Review – Batman Universe #3: Through Space and Time

Comic Books DC This Week
Batman Universe #3 cover, via DC Comics.

Batman Universe #3 – Brian Michael Bendis, Writer; Nick Derington, Artist; Dave Stewart, Colorist


Ray – 9.5/10

Ray: We give Bendis a hard time occasionally here at “DC This Week”, but let me tell you – I’ve been reading his comics for close to twenty years, and when he’s on his game on books like Ultimate Spider-Man or Alias, he’s one of the best writers in the business. And I think he’s been slowly building another of his masterpieces in oversized Walmart digests for the last year, and the rest of us are just getting to see it now, especially with Batman Universe #3.

A lot of the credit goes to Nick Derington, who lives every artist’s dream by getting to throw Batman though the most creative locations in the DCU, but Bendis’ dialogue for Batman and his allies is as good as it’s been since he came to DC. When we last left off, Batman had been hurled through space by the mysterious egg sought by Vandal Savage, and winds up on Thanagar where he’s interrogated by the space police. The shift from “intimidating winged shadows” to winged superfans when they find out who he knows is hilarious, and I don’t know if Thanagar has every looked as good as it does here.

Surprisingly, though, the second segment may be even better. After being debriefed on his adventures, Batman sets out in search of the egg once again – this time with Hal Jordan in tow. I don’t know how much Bendis is working with this, but the relationship between Batman and Hal has never been great. From Hal’s evil phase to their general difference in style, it’s always been tense.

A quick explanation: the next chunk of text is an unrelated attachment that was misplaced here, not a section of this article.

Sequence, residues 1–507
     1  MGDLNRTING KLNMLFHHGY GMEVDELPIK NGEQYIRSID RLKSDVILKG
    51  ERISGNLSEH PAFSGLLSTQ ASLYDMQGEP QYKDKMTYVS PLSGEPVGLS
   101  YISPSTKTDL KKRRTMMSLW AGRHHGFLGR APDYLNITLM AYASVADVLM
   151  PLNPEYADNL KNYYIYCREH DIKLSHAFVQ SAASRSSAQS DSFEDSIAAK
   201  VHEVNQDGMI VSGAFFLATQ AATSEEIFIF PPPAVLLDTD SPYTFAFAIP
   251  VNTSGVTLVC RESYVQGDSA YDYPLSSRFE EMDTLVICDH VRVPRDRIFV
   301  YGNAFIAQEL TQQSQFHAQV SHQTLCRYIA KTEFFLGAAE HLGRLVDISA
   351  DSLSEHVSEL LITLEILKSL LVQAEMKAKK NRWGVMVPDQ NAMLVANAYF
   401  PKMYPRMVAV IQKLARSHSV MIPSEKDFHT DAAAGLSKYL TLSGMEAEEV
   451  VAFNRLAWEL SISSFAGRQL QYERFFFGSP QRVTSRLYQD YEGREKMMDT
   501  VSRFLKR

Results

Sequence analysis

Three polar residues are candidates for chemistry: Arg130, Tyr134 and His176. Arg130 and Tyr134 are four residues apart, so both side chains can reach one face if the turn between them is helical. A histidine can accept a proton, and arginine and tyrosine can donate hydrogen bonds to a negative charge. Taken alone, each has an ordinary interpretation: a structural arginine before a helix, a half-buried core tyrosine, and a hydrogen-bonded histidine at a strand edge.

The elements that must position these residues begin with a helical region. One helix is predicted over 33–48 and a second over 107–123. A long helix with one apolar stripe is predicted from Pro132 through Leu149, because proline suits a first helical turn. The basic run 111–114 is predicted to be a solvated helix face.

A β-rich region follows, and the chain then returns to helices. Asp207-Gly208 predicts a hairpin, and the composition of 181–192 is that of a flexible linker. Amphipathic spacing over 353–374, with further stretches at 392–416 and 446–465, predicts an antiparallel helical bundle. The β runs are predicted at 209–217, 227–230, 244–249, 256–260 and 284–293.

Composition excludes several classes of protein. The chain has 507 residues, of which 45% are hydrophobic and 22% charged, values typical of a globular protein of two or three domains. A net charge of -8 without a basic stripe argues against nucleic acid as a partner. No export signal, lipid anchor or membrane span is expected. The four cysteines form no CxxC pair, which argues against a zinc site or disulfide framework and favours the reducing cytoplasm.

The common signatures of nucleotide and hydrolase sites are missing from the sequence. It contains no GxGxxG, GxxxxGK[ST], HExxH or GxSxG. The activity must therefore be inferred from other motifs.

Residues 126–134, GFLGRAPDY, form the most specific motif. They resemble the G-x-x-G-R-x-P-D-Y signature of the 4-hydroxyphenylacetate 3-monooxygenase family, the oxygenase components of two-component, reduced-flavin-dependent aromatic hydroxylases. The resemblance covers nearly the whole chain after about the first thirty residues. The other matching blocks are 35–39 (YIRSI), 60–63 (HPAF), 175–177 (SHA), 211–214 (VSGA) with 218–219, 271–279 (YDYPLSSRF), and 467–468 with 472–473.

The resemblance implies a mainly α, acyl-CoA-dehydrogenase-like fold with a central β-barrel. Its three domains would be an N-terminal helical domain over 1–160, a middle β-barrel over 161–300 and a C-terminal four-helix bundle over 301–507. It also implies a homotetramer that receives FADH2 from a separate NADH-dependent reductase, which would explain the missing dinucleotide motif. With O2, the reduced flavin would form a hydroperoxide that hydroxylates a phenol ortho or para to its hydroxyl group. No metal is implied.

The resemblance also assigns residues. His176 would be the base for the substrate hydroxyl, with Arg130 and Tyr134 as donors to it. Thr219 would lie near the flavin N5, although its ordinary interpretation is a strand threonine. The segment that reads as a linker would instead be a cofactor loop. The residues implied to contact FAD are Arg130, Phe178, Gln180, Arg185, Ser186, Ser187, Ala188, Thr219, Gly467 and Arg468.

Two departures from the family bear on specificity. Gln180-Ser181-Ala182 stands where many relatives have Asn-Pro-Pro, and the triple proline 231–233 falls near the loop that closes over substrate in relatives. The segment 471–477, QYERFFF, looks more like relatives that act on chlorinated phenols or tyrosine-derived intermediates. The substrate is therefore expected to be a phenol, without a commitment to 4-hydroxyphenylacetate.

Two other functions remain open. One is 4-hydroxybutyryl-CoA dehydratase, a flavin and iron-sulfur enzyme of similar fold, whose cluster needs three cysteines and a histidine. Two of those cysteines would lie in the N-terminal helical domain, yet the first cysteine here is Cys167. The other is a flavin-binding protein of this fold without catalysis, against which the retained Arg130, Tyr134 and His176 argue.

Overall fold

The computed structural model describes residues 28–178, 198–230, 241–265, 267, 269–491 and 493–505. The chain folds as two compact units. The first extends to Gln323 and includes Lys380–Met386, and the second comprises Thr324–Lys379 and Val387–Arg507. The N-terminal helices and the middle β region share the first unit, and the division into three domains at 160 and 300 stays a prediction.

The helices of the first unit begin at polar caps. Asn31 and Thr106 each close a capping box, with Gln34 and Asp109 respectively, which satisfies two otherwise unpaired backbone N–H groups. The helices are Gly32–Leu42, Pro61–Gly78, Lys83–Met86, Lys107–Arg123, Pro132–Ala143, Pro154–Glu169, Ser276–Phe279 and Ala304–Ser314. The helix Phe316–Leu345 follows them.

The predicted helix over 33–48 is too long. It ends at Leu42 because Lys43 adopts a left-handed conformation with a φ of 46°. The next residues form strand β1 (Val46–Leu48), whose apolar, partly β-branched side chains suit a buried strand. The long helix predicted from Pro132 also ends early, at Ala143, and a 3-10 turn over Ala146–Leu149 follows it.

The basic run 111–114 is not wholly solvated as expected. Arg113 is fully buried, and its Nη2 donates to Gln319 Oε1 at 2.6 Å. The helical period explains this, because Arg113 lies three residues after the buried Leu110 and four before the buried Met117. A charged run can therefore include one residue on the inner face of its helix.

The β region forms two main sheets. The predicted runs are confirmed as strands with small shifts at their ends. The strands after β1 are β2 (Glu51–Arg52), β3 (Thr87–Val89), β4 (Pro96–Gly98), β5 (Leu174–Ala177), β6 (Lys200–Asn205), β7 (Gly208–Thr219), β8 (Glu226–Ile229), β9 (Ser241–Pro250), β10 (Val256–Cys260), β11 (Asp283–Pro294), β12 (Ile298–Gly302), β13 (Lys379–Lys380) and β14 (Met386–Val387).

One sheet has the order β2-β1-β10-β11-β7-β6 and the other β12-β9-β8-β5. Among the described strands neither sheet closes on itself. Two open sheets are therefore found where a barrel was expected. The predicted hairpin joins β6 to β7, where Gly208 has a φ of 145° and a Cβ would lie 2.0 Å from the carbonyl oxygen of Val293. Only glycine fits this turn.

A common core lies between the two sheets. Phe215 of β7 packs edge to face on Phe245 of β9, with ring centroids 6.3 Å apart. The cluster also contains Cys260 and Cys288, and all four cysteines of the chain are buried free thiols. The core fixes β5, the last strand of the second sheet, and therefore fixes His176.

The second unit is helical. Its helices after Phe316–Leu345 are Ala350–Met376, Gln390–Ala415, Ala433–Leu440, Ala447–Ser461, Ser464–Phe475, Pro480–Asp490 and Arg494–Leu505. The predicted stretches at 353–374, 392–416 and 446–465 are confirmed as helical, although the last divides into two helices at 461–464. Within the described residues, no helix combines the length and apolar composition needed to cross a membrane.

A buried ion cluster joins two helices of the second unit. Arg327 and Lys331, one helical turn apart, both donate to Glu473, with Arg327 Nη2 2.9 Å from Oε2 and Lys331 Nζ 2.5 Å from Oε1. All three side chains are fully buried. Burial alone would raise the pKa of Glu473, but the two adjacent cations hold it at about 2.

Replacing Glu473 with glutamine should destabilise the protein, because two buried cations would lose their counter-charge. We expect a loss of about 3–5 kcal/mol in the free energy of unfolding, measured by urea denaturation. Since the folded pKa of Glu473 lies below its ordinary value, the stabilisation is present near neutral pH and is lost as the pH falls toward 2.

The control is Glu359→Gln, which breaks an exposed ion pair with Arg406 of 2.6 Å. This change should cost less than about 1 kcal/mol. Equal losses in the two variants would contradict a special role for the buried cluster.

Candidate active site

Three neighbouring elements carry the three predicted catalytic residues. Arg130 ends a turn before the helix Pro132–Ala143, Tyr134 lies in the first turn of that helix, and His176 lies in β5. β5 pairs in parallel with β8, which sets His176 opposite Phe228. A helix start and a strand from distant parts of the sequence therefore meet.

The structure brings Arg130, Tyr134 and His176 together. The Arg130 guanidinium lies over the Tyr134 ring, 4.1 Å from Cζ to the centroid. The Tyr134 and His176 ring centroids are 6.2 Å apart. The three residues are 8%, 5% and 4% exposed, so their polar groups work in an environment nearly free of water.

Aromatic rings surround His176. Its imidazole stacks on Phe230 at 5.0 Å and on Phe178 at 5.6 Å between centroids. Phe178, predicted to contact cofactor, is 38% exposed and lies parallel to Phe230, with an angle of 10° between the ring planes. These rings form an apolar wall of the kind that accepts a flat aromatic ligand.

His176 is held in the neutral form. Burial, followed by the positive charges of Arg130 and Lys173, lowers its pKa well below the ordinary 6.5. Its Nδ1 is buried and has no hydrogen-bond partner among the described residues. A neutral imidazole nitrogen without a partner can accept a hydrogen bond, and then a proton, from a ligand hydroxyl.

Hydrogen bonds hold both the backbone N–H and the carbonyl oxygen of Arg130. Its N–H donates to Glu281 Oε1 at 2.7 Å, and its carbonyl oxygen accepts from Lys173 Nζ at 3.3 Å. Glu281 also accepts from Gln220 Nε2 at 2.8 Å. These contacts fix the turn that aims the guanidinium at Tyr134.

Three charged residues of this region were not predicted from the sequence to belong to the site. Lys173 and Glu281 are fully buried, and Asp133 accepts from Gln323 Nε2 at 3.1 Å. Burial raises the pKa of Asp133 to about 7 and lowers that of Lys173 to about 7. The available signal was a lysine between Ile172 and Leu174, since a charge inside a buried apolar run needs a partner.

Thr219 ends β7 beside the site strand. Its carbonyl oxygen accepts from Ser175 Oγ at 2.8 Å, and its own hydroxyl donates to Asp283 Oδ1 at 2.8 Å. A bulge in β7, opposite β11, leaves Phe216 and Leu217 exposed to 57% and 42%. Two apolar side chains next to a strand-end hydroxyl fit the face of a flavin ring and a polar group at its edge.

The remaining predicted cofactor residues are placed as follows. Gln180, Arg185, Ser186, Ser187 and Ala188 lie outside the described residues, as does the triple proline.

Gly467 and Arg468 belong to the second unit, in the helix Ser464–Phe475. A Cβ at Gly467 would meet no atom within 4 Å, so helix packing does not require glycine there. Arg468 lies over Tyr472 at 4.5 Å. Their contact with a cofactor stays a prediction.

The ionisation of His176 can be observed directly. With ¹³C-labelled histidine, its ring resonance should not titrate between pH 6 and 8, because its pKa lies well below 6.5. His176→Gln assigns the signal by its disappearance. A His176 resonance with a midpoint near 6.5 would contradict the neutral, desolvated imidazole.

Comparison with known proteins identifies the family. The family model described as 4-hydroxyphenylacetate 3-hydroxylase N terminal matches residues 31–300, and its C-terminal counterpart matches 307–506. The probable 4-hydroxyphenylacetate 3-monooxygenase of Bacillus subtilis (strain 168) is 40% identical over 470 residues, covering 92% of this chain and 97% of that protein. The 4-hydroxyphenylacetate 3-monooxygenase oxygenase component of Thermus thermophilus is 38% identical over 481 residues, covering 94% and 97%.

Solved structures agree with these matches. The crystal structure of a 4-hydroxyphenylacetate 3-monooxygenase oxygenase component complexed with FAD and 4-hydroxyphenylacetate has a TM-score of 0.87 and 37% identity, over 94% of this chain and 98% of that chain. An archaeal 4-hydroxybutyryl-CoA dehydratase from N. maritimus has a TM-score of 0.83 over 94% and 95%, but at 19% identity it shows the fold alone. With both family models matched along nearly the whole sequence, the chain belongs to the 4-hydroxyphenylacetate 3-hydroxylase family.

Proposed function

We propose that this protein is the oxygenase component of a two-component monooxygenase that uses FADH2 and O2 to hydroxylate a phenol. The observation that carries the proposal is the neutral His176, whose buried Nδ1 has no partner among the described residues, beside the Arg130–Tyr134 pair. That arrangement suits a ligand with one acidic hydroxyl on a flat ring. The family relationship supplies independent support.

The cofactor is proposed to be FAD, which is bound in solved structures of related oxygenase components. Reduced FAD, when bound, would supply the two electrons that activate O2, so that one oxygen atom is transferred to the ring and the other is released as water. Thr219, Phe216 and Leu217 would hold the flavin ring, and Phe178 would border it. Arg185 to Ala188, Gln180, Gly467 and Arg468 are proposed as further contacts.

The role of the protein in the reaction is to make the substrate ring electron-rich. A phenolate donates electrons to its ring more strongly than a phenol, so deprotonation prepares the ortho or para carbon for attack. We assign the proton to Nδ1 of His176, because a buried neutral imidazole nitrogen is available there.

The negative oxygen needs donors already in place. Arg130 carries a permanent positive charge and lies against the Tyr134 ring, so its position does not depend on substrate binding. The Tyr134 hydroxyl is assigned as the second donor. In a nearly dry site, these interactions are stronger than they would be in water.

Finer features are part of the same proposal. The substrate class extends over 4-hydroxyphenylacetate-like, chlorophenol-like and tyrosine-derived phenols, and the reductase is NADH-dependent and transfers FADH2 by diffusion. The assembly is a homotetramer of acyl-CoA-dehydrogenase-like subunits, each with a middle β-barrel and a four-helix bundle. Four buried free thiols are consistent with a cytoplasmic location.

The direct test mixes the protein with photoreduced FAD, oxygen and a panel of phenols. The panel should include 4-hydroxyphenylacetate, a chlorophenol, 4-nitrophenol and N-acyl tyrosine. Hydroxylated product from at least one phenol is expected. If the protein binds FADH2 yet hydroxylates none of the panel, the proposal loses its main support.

Here, Bendis takes a lighter touch and casts Hal as the excitable hotshot to Batman’s cool detective, and it’s a great dynamic. A visit to Dinosaur Island lets Derington show off with some stunning visuals, as he channels his inner Doc Shaner. Derington’s a chameleon and he can draw anything. The ending, which sends them off to their next adventure in time and space, brings in Jonah Hex – an odd pattern of this character appearing in Walmart specials. I have no clue where this is going, but it’s some of the most fun I’ve had reading a DC comic in a while.

Batman interrogated. Via DC Comics.

Corrina: Just a quick note, because I agree with the bulk of Ray’s review. But, still, the repeated appearances of Jonah Hex, and the creation of his descendant, Ginny Hex, for Young Justice, makes me a bit uneasy, given Jonah is a former Confederate soldier who continues to wear his Confederate uniform in all his appearances.

I understand the story reasons for this, going back to his origins, and that Hex wears it as a reminder of what not to be, but most readers are likely unaware because it hasn’t been referenced in ages, plus, this story was originally intended to reach comic readers outside the regular fanbase.

And many of those new readers from the Walmart digests will simply see a DC hero dressed in the uniform of the Confederate States of America, a nation that fought to preserve slavery.

To find reviews of all the DC issues, visit DC This Week.

Disclaimer: GeekDad received this comic for review purposes.

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